Is It Time To Change Where You Sit?
A couple of weeks ago I was lucky enough to be offered a ticket for a premiership football match. The seat I had was just a couple of rows behind one of the managers’ dugouts so I was treated to the incessant shouting of Kenny Dalglish for just over 90 feverish minutes. It was quite an experience.
In the past I had nearly always watched such games from well back up in the stands from where players can only be identified by kit colours, numbers and general physical attributes. From such a distance the game is viewed more readily at a strategic level as patterns and shapes develop and unfold. Up close it is a very different matter. The people in front of you have recognisable faces, gruff voices and a very personal, physical presence. Their actions are immediate and brief and their part in the team’s overall tactics is often hard to see.
Despite being quite engrossed in the game I couldn’t help but reflect on the very distinct connection between these thoughts and the insights available from engaging with the MindSpan principles. Nothing can change the reality of the match itself but our perceptions of it, and our reactions to it, are considerably altered by the perspective from which we choose, or, more likely, are allowed, to view the contest. Equally the way we view our own actions is determined by our entrenched habits of thinking, what could be called the seat that we have become used to heading for, the one that we, often unconsciously, have appointed as the season ticket of our lives.
Now we may be happy to hold onto this place, year after year. After all, these season tickets are not easy to acquire and at the very least we always get to see the action first hand. But what if someone could arrange a guided tour of the stadium for us and, armed with the possibilities that this affords us, we could choose a seat in a different spot, at a new height, with a new angle and with a better chance of gaining a fuller understanding of all that is going on? Would we get better value and improved returns for our efforts? Would we, in summary, understand and enjoy it more? Sadly, the possibility of attaining this change may well be far beyond our control.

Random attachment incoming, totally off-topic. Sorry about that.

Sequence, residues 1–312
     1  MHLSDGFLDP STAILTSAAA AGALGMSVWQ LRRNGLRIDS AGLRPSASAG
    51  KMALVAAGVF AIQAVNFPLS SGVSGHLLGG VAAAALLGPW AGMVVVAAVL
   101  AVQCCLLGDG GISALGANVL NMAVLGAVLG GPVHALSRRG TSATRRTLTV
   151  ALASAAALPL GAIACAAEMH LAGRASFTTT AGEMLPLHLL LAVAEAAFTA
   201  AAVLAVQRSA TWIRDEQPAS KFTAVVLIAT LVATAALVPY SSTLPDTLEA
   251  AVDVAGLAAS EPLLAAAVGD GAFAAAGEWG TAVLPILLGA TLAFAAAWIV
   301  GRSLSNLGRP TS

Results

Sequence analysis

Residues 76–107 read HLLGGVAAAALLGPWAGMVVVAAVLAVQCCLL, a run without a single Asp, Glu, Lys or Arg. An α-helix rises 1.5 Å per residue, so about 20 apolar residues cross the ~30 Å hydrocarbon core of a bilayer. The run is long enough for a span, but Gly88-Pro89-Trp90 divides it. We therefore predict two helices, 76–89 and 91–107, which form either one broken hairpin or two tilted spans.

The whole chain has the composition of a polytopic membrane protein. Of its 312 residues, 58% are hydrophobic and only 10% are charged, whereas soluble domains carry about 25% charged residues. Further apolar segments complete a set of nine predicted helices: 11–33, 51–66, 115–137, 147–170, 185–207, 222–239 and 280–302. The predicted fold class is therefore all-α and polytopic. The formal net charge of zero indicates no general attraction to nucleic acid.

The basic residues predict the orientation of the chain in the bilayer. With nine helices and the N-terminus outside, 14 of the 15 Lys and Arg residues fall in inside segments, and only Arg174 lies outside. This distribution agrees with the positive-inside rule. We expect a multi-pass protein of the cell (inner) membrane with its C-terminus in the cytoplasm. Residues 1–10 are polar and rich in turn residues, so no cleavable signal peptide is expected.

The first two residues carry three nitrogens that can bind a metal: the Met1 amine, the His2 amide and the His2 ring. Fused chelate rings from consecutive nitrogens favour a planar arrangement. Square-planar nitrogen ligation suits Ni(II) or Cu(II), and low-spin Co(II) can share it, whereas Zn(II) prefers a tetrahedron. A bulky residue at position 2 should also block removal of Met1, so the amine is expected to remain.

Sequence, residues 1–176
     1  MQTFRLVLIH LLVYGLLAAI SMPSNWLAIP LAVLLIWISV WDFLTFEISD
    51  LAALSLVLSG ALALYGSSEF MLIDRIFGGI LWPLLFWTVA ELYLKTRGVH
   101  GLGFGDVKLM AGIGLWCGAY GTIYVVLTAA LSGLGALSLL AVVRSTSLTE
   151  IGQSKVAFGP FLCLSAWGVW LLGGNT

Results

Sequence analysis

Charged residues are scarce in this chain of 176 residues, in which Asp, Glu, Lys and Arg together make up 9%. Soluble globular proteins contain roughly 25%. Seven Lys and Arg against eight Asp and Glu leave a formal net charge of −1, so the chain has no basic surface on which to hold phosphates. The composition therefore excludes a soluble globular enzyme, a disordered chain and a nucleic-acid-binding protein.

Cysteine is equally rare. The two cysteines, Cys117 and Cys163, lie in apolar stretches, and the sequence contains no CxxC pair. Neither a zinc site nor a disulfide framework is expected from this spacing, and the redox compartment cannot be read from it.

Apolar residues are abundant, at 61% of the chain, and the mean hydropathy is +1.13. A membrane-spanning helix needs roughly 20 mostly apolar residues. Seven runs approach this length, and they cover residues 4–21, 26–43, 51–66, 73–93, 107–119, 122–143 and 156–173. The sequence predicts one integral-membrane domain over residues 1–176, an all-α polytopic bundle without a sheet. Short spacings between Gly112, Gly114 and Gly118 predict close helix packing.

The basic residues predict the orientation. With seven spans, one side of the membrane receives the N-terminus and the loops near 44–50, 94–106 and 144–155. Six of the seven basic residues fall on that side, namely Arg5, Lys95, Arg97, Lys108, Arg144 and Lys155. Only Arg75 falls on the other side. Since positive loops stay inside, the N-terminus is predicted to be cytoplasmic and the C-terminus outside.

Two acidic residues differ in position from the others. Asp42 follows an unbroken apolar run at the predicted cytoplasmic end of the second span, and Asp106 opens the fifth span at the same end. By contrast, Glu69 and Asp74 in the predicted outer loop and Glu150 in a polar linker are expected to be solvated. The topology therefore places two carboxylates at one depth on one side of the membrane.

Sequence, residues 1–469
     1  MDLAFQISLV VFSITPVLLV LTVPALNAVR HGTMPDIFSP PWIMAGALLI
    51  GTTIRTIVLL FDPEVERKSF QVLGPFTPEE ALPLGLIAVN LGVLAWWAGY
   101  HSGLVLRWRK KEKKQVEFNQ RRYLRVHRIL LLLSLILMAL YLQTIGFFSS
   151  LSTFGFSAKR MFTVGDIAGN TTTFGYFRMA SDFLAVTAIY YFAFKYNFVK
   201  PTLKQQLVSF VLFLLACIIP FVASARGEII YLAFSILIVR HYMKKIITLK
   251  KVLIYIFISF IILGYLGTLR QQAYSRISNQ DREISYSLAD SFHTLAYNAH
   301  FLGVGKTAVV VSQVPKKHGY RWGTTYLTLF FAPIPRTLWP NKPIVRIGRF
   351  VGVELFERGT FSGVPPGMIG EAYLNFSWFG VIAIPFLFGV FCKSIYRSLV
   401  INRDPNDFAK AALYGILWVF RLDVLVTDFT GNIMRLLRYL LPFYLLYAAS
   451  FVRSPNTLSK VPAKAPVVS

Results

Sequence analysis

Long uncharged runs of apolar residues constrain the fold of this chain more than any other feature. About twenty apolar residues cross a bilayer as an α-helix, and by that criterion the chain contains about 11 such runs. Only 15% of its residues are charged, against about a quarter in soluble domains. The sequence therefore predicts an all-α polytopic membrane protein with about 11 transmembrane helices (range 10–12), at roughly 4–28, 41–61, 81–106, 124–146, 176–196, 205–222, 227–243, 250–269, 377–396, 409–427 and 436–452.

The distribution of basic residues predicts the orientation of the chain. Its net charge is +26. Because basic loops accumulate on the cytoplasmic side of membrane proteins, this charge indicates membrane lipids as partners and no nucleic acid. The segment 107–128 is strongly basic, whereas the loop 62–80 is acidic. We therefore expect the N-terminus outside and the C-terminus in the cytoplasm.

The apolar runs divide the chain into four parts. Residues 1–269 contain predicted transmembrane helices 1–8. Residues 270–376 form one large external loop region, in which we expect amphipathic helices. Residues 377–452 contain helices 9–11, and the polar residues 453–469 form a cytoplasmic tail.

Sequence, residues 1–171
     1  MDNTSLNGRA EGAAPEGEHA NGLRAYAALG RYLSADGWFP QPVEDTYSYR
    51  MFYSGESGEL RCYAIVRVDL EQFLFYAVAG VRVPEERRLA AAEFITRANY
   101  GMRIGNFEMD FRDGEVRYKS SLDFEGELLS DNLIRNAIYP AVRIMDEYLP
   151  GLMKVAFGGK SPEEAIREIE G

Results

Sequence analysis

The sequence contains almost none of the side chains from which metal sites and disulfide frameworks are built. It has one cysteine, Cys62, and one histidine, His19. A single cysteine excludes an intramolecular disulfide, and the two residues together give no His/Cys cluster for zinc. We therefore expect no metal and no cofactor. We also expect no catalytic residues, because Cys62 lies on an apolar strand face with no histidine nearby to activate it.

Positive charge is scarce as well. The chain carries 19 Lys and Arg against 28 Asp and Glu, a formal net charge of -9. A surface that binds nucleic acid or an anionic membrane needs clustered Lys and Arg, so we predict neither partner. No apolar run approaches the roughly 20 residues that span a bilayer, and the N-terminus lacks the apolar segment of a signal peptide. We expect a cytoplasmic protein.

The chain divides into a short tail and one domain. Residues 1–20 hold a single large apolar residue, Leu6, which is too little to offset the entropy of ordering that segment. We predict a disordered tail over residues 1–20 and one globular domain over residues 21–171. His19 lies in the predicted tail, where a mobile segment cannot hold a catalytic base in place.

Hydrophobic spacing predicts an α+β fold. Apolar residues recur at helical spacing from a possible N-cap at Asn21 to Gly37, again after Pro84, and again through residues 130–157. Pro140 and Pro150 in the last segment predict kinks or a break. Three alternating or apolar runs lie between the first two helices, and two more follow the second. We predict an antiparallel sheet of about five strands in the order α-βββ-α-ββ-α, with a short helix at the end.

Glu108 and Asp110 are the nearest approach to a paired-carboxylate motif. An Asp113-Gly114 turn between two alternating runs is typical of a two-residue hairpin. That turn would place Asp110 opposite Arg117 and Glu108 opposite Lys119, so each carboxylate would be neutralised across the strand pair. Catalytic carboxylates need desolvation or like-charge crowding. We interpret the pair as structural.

The analogy has, perhaps, gone far enough but it is a useful one to ponder. For, in essence, these questions are at the heart of the MindSpan programme. What we learn from it is that the choices we can make in our own lives are very much more within our control. One of the central tenets of MindSpan is that the way we think about what we are thinking about is what determines what we achieve in life. Changing the way we think, therefore, is exactly what MindSpan has been designed to help us achieve. So, thankfully, it is now possible to reconsider and alter where we sit in the grandstand of our lives and enjoy a new, fresh and more rewarding experience every time we turn up for the game.
John Jackson – MindSpan Co-Author